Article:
Christmas is just around the corner, which brings up the inevitable meteorological question: What are your chances of waking up to a blanket of snow on Christmas morning?

What You Need To Know

  • A white Christmas is defined by having an inch or more of snow on Christmas Day

  • Higher chances are in lake-effect regions and the higher elevations of the west

  • Lower chances are across southern regions - though with a few exceptions

Dating back to Bing Crosby's 1942 rendition of Irving Berlin's hit song (and Sinatra's re-make a few years later), the concept of a white Christmas remains an idyllic one to this day.

Of course, this version of an idyllic Christmas requires some cooperation from Mother Nature.

The official definition of a white Christmas

Before we start digging into the climatology and what your white Christmas chances might be, you should probably know what exactly a white Christmas is, because there is an actual definition behind it all.

For a white Christmas to officially take place, you need an inch or more of snowfall on Christmas, according to the National Weather Service (NWS).

If you look closely at preliminary monthly climate data from the NWS, you can see the daily log of snow that's officially on the ground for your location. If the highlighted number is one or above on December 25th, you've got enough snow for an official white Christmas.

In the example below, you can see that seven inches of snow were on the ground in Buffalo, New York on December 25, 2017.

Go here for a white Christmas

Well, if you're looking to make sure that you get a white Christmas, we've got a few places in mind for you. 

Here are a small handful of locations that, based on official National Weather Service data archives, are just about guaranteed to enjoy a white Christmas:

-Alta, Utah (lowest Christmas Day snow depth on record: Eight inches)

-Jay Peak, Vermont: (lowest Christmas Day snow depth on record: One inch)

-Kotzebue, Alaska: (lowest Christmas Day snow depth on record: One inch)

-Stanley, Idaho: (lowest Christmas Day snow depth on record: Three inches)

-Winter Park, Colorado (lowest Christmas Day snow depth on record: Seven inches)

-Yellowstone National Park (Bechler River), Wyoming: (lowest Christmas Day snow depth on record: 14 inches)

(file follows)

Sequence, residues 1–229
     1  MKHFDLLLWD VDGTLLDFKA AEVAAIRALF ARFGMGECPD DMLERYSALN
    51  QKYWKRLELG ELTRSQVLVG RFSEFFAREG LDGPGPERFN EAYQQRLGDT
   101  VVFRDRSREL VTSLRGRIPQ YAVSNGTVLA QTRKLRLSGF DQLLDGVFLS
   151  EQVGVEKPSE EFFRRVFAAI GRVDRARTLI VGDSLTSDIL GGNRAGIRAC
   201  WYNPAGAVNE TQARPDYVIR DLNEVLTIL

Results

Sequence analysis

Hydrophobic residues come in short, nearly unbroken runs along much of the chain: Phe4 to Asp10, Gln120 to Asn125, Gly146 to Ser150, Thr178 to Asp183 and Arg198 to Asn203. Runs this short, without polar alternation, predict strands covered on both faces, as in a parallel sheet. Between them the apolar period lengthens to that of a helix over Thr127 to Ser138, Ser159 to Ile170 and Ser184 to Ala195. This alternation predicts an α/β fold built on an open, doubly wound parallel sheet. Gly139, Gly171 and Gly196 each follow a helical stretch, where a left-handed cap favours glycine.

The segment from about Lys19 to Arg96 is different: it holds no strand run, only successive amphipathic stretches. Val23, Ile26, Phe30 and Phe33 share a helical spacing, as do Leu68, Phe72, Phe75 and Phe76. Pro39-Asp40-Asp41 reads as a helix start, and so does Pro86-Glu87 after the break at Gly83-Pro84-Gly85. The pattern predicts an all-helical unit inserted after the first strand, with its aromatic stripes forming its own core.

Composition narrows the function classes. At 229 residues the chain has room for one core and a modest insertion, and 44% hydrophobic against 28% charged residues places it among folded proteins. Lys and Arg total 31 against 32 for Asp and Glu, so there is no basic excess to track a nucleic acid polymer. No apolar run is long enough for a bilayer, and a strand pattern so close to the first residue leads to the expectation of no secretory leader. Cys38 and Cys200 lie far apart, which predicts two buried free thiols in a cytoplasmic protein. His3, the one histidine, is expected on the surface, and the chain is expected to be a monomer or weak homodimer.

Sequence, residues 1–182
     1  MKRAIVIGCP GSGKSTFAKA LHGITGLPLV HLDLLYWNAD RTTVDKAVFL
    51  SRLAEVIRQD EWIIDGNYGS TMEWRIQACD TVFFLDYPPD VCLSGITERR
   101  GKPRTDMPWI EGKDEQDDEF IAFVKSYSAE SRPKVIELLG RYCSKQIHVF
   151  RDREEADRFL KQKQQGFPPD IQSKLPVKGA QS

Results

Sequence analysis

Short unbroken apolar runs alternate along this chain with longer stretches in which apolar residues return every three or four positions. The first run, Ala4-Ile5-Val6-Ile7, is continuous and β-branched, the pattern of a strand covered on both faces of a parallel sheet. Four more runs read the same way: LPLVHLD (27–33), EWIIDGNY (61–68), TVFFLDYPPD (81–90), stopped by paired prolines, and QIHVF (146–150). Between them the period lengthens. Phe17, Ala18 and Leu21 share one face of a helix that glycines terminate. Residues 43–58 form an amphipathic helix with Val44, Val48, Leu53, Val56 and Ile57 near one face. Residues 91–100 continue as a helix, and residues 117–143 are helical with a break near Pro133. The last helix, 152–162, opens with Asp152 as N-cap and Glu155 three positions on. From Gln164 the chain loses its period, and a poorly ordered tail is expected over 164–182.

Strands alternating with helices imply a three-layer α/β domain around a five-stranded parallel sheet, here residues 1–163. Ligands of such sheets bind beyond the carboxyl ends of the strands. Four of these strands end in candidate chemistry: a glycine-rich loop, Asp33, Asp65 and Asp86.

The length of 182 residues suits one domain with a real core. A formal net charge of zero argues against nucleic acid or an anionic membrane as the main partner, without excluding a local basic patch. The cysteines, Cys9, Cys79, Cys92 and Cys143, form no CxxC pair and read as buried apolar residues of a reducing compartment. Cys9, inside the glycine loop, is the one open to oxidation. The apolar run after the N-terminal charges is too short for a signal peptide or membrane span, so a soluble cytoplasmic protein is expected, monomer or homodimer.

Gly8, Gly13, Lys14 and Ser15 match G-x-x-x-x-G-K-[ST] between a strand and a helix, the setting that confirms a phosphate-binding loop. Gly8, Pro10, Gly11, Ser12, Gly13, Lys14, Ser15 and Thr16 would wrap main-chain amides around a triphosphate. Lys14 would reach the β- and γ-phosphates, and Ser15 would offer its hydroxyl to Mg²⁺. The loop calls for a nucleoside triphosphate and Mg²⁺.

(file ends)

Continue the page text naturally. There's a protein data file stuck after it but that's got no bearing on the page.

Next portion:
Of course, there are plenty of other areas you're just about guaranteed to have a white Christmas, but they might not have an official observation site.

Closer to more populated areas (and reality) for the rest of us who don't live in Alaska or on top of a mountain, there are plenty of places where you're a near-lock to have a white Christmas.

Take a look:

For starters, the inner-mountain west and the lake-effect snow belts of the Midwest and Northeast are your likeliest spots to get a white Christmas. Ski country is usually a safe spot for obvious reasons.

If you're looking for places where you're guaranteed to not have a white Christmas, well, you probably didn't us need to tell you that if you head to Florida or south Texas, you'll be staring at palm trees instead of a snow-covered lawn.

Spectrum snow fight!

Spectrum News is home to award-winning local news from Massachusetts to California to Florida, with many places in between. We figured it might be fun to pin Spectrum's 21 cities up against one another to see who's got the best chance at a white Christmas (sorry in advance, Tampa).

The winner? Syracuse, New York, with perhaps a slightly surprisingly low 58% chance of a white Christmas, based on 30-year records.

From Wilmington, North Carolina's 1% to the Cuse's 58%, here's a look at how your city stacks up:

Sorry Bay News 9 readers in Tampa,  My News 13 friends in Orlando, and Spectrum News 1 readers in southern California. You have a 0% chance of a white Christmas.

Don't let the weather dictate too much of your Christmas spirit, though. After all, legend has it that Irving Berlin wrote "White Christmas" in La Quinta, California - a warm-weather desert with a 0% chance of seeing a white Christmas this year.